Hackers have released the names of 33 million people who signed up to the Ashley Madison dating website. The site sells itself, at least in part, as somewhere for people to seek out extra-marital relationships and uses the controversial tagline “Life is short. Have an affair”.
Of course not all those people who signed up with Ashley Madison will be married, some may in fact not even be in a relationship and some profiles will be fictitious, but there are potentially millions of other halves who find may find their partner’s name on the website and assume the worst.
Some couples might be able work through issues raised and for others there might be explanations, which mean that their relationship is not brought into question. But what of the married couples whose partners have, during the time of their relationship and/or marriage, decided that the website appealed to them? Understandably, some people will consider that their marriage has been damaged beyond repair by the revelation that their partner has signed up to a website with at least a curiosity of being unfaithful.
As various media outlets have sought to get comment from those whose names have been revealed, a number have responded saying that they never intended to have an affair and that they signed up without the intention of committing adultery. Whilst this may go some way towards appeasing their conscience, it certainly is not a defence to a prospective divorce, should their spouse wish to pursue that end. Adultery is one of the five facts that can be relied upon to petition for divorce in England and Wales, but it must either be admitted or proven. The appearance of a profile on a website will not be enough to prove adultery. However, a far more common fact relied upon is “unreasonable behaviour”. This covers a vast array of undesirable behaviour and being signed up to a website notorious for facilitating extra-marital affairs is likely to come within the remit. This is in contrast to some behaviour that has been rejected by the Court, such as one party becoming “bored” with the relationship or one party simply citing “frequent lengthy arguments”. A spouse planning or considering having an affair clearly goes beyond this.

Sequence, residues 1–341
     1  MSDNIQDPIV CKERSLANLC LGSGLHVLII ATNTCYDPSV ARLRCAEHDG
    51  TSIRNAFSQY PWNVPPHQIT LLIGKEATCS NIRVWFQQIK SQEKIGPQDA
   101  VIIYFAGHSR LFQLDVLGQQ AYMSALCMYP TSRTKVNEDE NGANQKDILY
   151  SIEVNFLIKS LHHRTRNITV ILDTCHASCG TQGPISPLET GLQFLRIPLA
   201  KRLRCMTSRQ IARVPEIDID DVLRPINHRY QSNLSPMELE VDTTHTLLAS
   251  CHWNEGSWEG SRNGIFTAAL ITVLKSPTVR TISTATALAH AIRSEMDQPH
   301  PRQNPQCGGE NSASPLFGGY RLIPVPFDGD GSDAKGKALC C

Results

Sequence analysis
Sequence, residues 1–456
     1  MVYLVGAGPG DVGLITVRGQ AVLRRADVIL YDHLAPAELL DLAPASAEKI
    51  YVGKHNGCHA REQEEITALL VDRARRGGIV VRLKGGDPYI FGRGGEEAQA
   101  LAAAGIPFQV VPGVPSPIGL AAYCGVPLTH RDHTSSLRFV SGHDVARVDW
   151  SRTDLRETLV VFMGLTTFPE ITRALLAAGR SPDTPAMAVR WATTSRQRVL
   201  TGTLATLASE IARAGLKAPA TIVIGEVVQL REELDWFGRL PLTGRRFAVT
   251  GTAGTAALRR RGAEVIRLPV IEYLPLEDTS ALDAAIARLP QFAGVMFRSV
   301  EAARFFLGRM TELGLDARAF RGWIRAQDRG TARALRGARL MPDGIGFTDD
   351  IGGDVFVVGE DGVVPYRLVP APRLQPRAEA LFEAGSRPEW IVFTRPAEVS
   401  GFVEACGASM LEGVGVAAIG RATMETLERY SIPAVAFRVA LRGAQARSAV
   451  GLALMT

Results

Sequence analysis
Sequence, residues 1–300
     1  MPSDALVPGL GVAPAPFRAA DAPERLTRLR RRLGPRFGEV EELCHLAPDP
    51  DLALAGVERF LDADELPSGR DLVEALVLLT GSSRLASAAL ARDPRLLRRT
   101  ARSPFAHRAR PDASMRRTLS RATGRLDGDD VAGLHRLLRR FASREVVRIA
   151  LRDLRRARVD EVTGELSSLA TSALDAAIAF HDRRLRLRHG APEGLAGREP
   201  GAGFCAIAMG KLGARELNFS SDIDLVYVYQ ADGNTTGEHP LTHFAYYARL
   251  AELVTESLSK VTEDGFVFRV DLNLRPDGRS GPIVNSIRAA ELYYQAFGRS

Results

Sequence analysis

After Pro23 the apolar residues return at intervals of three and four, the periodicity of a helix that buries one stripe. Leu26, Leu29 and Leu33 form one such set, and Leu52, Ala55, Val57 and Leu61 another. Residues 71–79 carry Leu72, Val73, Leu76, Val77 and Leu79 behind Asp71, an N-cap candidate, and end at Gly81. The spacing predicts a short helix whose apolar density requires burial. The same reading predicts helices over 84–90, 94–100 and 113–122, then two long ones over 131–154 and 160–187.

It remains to be seen whether the list of names revealed leads to an increased number of divorce petitions, but those affected and considering their options would be well advised to take legal advice on the divorce process and possible outcomes, especially where there are financial assets to be considered or children involved.
For more information on family or children matters please contact Alison Green, Head of the Family Team.